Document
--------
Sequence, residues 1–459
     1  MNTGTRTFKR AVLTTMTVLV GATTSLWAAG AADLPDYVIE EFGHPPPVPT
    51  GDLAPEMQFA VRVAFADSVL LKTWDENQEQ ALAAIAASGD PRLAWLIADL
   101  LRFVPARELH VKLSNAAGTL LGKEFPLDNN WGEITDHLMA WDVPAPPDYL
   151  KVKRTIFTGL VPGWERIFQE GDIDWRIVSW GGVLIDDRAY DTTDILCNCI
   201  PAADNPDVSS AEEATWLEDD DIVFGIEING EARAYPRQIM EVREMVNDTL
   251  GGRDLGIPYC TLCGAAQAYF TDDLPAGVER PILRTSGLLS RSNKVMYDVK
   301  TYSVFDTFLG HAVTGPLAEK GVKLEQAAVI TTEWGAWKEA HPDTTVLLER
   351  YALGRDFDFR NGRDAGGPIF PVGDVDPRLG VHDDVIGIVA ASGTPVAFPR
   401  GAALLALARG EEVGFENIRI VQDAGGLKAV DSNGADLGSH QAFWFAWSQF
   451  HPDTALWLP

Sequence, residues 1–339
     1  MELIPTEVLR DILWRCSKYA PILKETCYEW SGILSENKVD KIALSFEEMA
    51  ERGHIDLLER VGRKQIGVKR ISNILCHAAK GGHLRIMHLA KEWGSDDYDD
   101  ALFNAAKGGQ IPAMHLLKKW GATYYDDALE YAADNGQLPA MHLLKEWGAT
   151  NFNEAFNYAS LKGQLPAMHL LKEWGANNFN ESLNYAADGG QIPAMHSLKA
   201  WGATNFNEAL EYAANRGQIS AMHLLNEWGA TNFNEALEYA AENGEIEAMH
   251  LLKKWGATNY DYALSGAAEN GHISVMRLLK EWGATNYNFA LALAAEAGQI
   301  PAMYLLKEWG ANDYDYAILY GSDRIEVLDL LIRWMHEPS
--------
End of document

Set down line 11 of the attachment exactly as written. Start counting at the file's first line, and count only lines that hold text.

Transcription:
   451  HPDTALWLP